Health care, climate change and higher education drive impressive range of innovation and research initiatives

Guest Contributor
March 7, 2003

Special Edition — Budget 2003

The Liberal government is investing billions of dollars of the federal surplus in research and innovation as part of a Budget built around the twin themes of health care and Kyoto. The fiscal generosity directed toward an expansive range of new and existing S&T activities will almost certainly cement innovation, education and university research as pillars of the so-called Chrétien legacy (see pages 3& 4 for more details).

The Budget was less successful , however, in addressing the business climate surrounding innovation. It failed to respond to the high-tech sector’s key demand — an overhaul of the scientific research and experimental development (SR&ED) tax incentive program.

Overall, program spending for FY-02-3 is up 11.5% to $138.6 billion and is slated to rise another 3.2% in FY03-4 to $143 billion. The outpouring of cash from federal coffers was spread widely and found its way into the budgets of everyone from the granting councils and Canada Foundation for Innovation to the Polar Continental Shelf Project and the Industrial Research Assistance Program. And universities are once again the beneficiaries of a major new program providing financial support to graduate students.

Government documents peg the Budget’s research and innovation measures at $1.7 billion between FY02-3 and FY04-5.

“It’s certainly a very significant investment and when you look at the research spread it becomes even more exciting,” says Dr Rey Pagtakhan, secretary of state for science, research and development. “It has the breadth and depth of what we would like to do in research for the nation.”

The Budget’s measures indicate that many of the 18 recommendations stemming from last year consultations on the Innovation Strategy have already been acted upon. The connection was reinforced in a joint open letter from the ministers of Industry and Human Resources Development Canada on February 18, the day the Budget was tabled. Allan Rock and Jane Stewart outline the Budget’s “specific actions in support of the National Summit Action Plan” — a document that has yet to be released.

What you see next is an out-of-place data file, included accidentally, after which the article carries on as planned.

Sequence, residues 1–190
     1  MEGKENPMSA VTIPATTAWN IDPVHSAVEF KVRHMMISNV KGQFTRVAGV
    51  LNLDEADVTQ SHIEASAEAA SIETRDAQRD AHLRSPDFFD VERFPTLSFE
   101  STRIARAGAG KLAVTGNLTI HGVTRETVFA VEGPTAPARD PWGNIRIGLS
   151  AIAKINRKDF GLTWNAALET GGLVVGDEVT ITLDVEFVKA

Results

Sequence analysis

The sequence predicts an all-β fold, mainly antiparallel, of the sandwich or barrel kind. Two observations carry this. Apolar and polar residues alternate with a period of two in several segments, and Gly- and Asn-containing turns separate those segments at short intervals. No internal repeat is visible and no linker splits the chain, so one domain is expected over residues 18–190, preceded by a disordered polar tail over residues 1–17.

“Improving Canada’s innovation capacity continues to be a major priority of the Government of Canada. We hope you share our satisfaction that the results of your hard work and commitment ... are yielding concrete action,” states the letter.

Rock and Stewart outline the various areas in which the innovation strategy recommendations were addressed, including the business environment. But the high tech business community is underwhelmed, particularly the Canadian Advanced Technology Alliance. It blasted the Budget as “disappointing” and was critical of the decision to phase out the federal capital tax over five years instead of eliminating it immediately. CATA also noted the Budget’s failure to address changes to SR&ED or invest in Government on Line and broadband access.

The Information Technology Association of Canada (ITAC) also expressed displeasure at the gradual elimination of the capital tax, dubbing it a “slow death” and noted, without comment, the absence of measures to alter SR&ED.

“There was no mention of SR&ED so we have some work to do there,” says Linda Leonard, ITAC’s VP communications and research. “If the government is serious about equipping the Canadian economy for the demands of the knowledge economy, it has to revisit old practices. SR&ED is a mechanism that should work in both good and bad times.”

Leonard says that other initiatives in the Budget were positive, including $600 million for health-related information and communication technology and support for the environment. “There’s certainly enough in there for everybody but the government has to get more focused and strategic to ensure that there is a return on federal investments,” she says.



($ millions)
Indirect costs of university research225A-base
Canada Graduate Scholarships program (new) *105A-base
Natural Sciences and Engineering Research Council55A-base
Canadian Institutes of Health Research55A-base
Social Sciences and Humanities Research Council15A-base
Industrial Research Assistance Program25A-base
National Research Council **10A-base
Canadian Patient Safety Institute (new)10A-base
Canada Health Infoway ***600FY02-03
Canada Foundation for Innovation500FY02-03
Veterinary college infrastructure113FY02-03
Canadian Learning Institute 100FY03-04
Genome Canada75FY02-03
Medical and Related Sciences (MaRS)20over next 2 yrs
Rick Hansen Man in Motion Fund 15over 7 yrs
Health Canada human drug regulatory reform190over 5 yrs
Canadian Coordinating Office for Health Technology Assessment45over 5 yrs
Canadian Health Services Research Foundation25over 10 yrs
Climate Change Plan for Canada 400over next 2 yrs
Sustainable Development Technology Canada250FY03-04
Canadian Foundation for Climate and Atmospheric Sciences50FY03-04
Polar Continental Shelf Project6over next 2 yrs
Targeted Geoscience Initiative10over next 2 yrs
SchoolNet and Community Access Program (Industry Canada)30FY03-04.
Business Development Bank190 FY02-3 & 03-04
Aboriginal Business Canada (Industry Canada)20over next 2 yrs
Environment Canada (species at risk)33over next 2 yrs
Farm Credit Corporation20over next 2 yrs
* when fully phased in over four years, with 60% going to SSHRC, 30% to NSERC and 10% to CIHR
** Cluster development in Regina ($4M) and Charlottetown ($4M) and Canadian participation to two large international astronomy projects ($2M)
*** electronic health records, common information technology standards, telehealth applications

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